Definition of sports sparks debate, not easily settled
Published: Tuesday, February 24, 2009
Updated: Sunday, February 14, 2010 23:02
While flipping through channels a few days ago I was stunned when I heard, "$12 million up for grabs, the biggest prize in sports! Coming up next, the final table of the 2006 World Series of Poker."
I was stunned not because $12 million was up for grabs in a poker tournament but because poker was a sport. I love poker, which is an understatement if you know me, but if poker is a sport, than so is Monopoly.
The debate on what a sport really is has been raging for years. The definition of a sport, according to the Cambridge Dictionary, is "a game, competition or activity needing physical effort and skill that is played or done according to rules, for enjoyment and/or as a job."
My friends have many different definitions as well, and we often argue about it.
One of my friends says if it doesn't use a ball, then it isn't a sport. Another says if you can't physically hurt your opponent, it isn't a sport. Another says that if it's on ESPN, then it's a sport. Yes, ESPN, the same network that has the Scrabble World Championship. Some of their definitions have putt putt, Halo and competitive eating as sports. Others have definitions that leave out hockey, golf and boxing. As you can see, the word "sports" can mean a lot of different things, depending upon whom you ask. Some sports are debated more than others, including auto racing, cheerleading and golf.
Auto racing also has been one of the biggest targets in the "sport or not" debate. Many say it's not a sport because it's boring. If that were true then soccer wouldn't be a sport either. Just messing around soccer fans…well, kind of.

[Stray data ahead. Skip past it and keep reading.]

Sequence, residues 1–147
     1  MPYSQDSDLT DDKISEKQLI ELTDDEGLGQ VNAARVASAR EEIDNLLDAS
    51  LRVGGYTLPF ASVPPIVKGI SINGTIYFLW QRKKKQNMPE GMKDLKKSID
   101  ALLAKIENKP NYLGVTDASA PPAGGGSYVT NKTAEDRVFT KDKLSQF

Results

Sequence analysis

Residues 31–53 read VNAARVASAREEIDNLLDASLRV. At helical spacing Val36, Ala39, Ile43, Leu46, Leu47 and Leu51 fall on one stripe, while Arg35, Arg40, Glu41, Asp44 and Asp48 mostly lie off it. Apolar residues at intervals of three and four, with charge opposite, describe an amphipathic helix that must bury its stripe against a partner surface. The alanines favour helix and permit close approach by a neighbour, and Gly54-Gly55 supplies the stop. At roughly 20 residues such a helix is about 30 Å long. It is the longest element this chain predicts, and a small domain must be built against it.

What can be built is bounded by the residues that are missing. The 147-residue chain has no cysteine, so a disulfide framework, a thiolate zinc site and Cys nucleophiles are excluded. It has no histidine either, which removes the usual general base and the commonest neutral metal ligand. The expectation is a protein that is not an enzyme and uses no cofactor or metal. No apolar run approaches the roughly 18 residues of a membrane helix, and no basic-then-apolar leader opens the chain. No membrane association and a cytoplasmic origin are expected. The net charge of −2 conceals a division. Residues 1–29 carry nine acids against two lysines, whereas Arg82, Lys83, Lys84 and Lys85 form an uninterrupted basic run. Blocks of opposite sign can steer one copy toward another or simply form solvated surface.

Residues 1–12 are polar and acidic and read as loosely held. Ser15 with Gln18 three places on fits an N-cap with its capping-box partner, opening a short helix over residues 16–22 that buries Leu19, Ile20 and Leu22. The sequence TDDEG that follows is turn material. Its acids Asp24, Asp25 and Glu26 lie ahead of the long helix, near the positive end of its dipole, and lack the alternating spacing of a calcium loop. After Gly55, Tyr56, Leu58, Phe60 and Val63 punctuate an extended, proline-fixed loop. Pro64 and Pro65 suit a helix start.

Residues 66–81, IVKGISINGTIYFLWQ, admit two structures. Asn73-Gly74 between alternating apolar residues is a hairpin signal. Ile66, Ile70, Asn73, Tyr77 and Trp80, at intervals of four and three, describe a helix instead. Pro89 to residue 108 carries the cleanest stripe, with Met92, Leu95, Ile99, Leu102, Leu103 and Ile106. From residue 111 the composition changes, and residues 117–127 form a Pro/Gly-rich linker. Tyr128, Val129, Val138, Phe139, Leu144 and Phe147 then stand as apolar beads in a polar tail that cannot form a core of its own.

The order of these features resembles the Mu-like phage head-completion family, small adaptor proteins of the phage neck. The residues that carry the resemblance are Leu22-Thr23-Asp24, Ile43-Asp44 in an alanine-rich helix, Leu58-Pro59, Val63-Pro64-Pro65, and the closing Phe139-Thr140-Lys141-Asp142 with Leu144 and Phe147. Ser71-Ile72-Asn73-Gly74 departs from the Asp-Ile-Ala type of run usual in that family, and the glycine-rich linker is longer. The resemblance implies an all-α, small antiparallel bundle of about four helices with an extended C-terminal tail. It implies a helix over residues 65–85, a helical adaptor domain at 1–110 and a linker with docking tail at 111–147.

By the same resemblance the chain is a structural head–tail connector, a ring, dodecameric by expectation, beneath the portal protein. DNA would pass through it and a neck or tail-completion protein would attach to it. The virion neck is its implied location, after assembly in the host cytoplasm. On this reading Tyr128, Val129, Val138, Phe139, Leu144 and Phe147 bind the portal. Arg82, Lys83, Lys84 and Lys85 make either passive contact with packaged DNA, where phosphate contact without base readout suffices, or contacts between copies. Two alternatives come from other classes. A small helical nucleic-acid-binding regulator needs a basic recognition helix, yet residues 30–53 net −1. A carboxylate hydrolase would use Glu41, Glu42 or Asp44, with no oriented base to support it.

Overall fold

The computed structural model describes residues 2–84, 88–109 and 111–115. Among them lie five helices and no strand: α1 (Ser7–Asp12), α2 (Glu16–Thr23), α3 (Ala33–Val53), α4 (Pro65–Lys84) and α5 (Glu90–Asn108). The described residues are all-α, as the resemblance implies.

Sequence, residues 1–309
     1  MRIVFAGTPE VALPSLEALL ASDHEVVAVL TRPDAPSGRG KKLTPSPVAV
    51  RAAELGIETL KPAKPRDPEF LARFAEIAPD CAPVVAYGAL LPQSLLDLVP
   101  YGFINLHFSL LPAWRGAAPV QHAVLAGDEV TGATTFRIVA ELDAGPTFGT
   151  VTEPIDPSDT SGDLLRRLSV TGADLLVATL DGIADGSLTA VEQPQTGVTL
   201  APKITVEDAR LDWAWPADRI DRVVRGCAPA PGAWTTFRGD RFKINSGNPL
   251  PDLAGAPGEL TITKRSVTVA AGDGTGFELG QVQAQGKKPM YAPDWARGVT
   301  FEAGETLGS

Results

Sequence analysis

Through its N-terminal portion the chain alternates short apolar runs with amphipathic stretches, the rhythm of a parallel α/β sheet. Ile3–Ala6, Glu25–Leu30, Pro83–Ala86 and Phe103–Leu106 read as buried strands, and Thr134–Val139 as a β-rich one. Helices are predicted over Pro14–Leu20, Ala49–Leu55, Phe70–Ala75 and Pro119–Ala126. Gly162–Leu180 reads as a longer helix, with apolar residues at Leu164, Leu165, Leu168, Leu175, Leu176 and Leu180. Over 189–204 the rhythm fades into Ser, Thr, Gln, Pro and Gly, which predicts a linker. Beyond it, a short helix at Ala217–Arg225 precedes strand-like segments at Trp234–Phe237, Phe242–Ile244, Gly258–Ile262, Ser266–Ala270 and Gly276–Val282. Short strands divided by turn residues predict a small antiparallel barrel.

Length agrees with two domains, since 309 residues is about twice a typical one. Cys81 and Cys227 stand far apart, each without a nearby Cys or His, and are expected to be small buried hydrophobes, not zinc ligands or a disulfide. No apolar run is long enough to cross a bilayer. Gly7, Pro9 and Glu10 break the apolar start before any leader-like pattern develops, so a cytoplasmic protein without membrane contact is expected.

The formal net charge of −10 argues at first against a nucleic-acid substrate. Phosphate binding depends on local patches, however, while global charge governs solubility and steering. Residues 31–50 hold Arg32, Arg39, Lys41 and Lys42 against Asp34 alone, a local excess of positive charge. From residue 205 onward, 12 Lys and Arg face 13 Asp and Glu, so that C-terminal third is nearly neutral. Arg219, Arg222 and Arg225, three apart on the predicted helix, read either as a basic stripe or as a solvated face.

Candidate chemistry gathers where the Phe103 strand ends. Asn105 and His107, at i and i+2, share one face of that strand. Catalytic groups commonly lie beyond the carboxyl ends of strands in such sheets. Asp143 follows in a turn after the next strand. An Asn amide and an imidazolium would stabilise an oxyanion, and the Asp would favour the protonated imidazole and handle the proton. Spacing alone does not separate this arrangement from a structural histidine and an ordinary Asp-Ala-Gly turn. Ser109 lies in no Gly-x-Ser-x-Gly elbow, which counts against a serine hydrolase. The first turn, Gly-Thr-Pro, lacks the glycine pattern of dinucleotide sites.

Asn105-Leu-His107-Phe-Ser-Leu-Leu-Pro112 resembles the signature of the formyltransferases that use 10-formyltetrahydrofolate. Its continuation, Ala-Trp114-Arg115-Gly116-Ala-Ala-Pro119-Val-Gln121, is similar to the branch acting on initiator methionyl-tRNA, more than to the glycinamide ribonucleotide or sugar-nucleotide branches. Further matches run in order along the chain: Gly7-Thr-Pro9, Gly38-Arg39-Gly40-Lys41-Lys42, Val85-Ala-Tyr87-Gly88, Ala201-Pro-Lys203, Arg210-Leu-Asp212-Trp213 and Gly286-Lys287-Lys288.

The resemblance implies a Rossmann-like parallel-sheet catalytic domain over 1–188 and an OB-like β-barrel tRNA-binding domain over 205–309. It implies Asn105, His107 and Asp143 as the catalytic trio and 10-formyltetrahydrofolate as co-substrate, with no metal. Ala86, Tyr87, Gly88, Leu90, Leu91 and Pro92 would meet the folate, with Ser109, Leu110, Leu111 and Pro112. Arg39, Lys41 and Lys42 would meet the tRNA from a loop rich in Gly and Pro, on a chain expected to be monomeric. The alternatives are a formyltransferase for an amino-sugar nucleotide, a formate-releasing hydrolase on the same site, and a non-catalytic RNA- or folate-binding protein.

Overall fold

Some say that if auto racing is a sport, then so is mowing the lawn because they both involve going around in a lot of circles. Others say that any event in which you can live or die on every turn has to be considered a sport.
Cheerleading is also often dismissed as not being a sport because of the participants and their stereotypes. Many cheerleaders are pigeonholed as ditzy, hyperactive blondes. Maybe this is because there have been five Bring It On movies (I wish I was making that up) with 90 percent of the characters fitting that stereotype.
Golf is often looked at in the debate. Golf enthusiasts argue it is one of the toughest sports to pick up and play, and that Tiger Woods is more athletic than most baseball players. On the other side, naysayers use an example from the 2007 U.S. Open. Golfer Angel Cabrera was in the lead late in the tournament, but the pressure was getting to him as his lead was shrinking. So Cabrera did what a lot of people do when they are under heavy pressure: smoke cigarettes.
After winning Cabrera said, "Well, there are some players that have psychologists, some have sportologists. I smoke."
This had many people asking if something could really be considered a sport if someone could smoke a pack of cigarettes while winning one of that sport's most prestigious events.
The thing is that it doesn't really matter whether something is a sport or not. At times I live and breathe sports, and I really couldn't tell you what the definition of a sport is or what it should be. The only thing I know for certain is that the debate over what is and isn't a sport is one that will probably never end.